Powered by Storytelling Excavate, Craft, and Present Stories to Transform Business Communication

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Powered by Storytelling Excavate, Craft, and Present Stories to Transform Business Communication

In business, garnering buy-in is probably one of the most valuable skills. Do you need to change focus, motivate the workforce, or in my case inspire collaboration and sponsorship from individuals and corporations? Murray Nossel, Ph.D., co-founder of Narativ with Dr. Paul Browde, who has taught storytelling for 25 years, authored this 256-page book on why storytelling is such a powerful communication technique, how to use the three phases of the "Narativ Method" and how to put its six basic principles into action to tell great stories.

Dr. Nossel admonishes that for effective communication, listening is more essential than relating your story. Listening with care inspires others to listen to you. Listening is an act of generosity. 

Why does this resonate?

At Service After Service we have to use our precious resources sparingly; therefore we not only have to identify our targeted customers, but we also must listen for their ask in order to avoid wasting money on unwanted services.

The six storytelling principles of the Narativ Method:

1. "Humans Are Hardwired for Story" because ancient people had to teach their children and relay information to make sense of a hostile, chaotic, dangerous and predator-filled environment. Therefore you should be aware that your listeners, will follow you wherever your story takes them. Take the lead, know where you're going, and they'll go with you.

Why does this resonate?

I found this to be true very early on when people asked me what Service After Service did? I would initially give them the mission, then the three pillars and then........... You get my drift! Now I provide them with the mission and a quick story about one of our program leads. It has been much more engaging.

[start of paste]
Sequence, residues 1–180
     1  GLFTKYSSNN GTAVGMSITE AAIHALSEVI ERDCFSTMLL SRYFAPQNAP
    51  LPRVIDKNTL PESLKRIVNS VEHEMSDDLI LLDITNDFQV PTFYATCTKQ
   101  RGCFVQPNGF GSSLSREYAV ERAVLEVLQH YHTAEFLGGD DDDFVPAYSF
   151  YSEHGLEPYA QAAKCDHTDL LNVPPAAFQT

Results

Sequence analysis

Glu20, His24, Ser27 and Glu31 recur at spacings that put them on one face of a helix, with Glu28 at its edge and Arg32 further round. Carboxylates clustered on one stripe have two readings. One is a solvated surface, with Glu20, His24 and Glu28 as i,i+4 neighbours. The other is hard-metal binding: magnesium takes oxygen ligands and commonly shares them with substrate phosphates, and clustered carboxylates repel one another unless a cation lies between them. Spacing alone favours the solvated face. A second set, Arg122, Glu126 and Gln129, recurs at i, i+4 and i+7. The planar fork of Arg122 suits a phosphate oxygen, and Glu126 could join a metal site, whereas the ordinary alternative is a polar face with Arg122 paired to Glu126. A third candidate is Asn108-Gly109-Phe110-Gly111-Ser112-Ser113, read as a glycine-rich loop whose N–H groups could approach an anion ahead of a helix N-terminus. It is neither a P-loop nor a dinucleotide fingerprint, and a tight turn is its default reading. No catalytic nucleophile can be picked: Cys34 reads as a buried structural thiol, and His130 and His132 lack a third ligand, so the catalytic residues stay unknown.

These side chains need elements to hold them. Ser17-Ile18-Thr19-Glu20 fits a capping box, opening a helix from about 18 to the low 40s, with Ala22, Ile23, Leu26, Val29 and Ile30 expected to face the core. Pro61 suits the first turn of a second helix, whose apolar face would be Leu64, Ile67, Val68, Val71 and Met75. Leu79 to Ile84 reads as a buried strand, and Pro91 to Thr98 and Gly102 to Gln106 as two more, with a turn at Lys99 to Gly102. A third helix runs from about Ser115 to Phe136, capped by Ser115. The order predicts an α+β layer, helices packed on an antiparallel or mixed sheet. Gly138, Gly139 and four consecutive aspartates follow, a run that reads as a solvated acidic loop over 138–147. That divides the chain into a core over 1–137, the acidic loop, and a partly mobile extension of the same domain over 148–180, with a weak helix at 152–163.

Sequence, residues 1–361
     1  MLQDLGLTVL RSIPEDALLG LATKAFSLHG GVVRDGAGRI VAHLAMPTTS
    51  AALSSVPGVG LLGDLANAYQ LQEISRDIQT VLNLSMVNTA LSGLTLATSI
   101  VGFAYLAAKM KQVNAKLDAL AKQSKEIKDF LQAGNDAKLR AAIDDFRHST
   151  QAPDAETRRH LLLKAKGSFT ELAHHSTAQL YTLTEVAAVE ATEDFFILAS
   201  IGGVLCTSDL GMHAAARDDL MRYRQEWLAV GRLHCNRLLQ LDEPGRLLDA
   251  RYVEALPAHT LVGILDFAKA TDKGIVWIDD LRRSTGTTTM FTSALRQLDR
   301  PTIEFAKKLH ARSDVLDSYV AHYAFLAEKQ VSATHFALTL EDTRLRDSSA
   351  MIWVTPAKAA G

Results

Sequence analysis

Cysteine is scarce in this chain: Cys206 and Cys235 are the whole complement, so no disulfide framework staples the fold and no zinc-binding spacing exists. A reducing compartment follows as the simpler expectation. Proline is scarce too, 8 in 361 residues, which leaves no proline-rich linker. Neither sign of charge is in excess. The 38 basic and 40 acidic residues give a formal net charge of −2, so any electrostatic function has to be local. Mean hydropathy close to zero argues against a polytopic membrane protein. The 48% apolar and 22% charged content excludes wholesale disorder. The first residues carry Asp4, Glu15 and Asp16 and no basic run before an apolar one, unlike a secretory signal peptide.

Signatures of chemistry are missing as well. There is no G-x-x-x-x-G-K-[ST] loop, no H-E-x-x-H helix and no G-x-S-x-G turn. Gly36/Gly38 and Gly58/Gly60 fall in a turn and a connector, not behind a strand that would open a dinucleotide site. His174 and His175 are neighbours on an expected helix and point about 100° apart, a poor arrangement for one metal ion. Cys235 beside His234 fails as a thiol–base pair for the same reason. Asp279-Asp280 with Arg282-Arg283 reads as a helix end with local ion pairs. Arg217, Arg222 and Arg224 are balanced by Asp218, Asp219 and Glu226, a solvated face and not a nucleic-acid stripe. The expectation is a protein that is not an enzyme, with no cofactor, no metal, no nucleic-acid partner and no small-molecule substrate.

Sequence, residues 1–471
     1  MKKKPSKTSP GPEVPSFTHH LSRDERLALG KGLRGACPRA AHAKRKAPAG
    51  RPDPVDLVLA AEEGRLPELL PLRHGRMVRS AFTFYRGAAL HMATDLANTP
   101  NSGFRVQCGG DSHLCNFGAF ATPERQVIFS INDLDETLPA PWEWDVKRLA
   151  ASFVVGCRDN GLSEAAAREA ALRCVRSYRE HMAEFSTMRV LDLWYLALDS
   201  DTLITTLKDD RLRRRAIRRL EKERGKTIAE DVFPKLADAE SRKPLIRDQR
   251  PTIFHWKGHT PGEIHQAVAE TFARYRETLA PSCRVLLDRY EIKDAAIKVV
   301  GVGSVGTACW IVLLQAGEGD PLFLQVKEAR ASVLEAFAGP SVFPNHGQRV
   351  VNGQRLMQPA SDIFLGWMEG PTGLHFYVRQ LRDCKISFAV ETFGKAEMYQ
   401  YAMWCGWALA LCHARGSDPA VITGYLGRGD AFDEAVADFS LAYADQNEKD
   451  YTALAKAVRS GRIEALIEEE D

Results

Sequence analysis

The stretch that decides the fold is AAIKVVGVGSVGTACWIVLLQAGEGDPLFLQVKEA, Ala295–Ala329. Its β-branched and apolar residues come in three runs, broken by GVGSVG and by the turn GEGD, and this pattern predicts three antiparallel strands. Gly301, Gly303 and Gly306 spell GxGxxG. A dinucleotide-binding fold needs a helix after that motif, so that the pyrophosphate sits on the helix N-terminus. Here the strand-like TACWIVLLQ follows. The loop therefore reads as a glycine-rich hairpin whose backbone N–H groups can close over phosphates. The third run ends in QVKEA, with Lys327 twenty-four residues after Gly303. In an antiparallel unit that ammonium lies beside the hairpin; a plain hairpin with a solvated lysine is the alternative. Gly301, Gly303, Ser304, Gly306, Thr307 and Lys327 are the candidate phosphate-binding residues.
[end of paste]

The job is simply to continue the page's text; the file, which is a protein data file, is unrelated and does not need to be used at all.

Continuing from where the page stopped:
2. "Everyone Has a Story," and you should excavate the vast experiences of your life for the right story that will illuminate how you came to be who you are today. Think of this as your "origin story."

Why does this resonate?

This I see as two-fold. My Co-Founder and I always get asked why we founded Service After Service. People want to know your "origin story." Sometime we will take them further back to our time in the military, volunteering at the base library to teach mathematics. The second goes back to listening. One of the first questions we ask people that we meet is "What do you like to do?" They will share much about themselves and their origin.

3. "Everyone Can Learn to Tell His or Her Story Better." Connect your listeners to the story through your senses and if possible body movements. You don't just tell your story; you perform it.

Why does this resonate?

The third principle provided some valuable input as I'm working on revamping my keynote speeches. It reminded me that I have to take the audience on the journey with me. Have I ever told you about the time I saved a Navy Battle Cruiser from being destroyed? Remind me, and I'll tell you about it.

4. "Everyone's Story Will Evolve." Nobody loves hearing the same story told the same way more than once. Allow your story to become more complex as you mature. Punctuate the insights you've gained over time. Make your increased knowledge and insight part of your tale. Modify every story to the particular venue or environment.

5. "Storytelling Is Every Person's Access to Creativity." Dr. Nossel defines creativity as "the bringing together of already existing elements in a novel or surprising way." Heed the details of your story. Build your story from its details, using an accumulation of small moments and insights. You can take a panoramic view or zoom in on more information. Focus on one of the five senses or all of them.

6. The "Reciprocal Relationship" tells your story with two central concerns in mind: Listening as an audience member and telling the story as the narrator. Storytelling and listening nourish one another. This reciprocity is the core of the Narativ Method: Storytelling influences listening and listening influences storytelling.

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If you enjoyed this article, leave a comment. I'd love to hear from you, as well as learn about other topics you want to hear more about.

For opportunities to publish or contribute please email me at Loni.Lymus@ServiceAfterServiceInc.org


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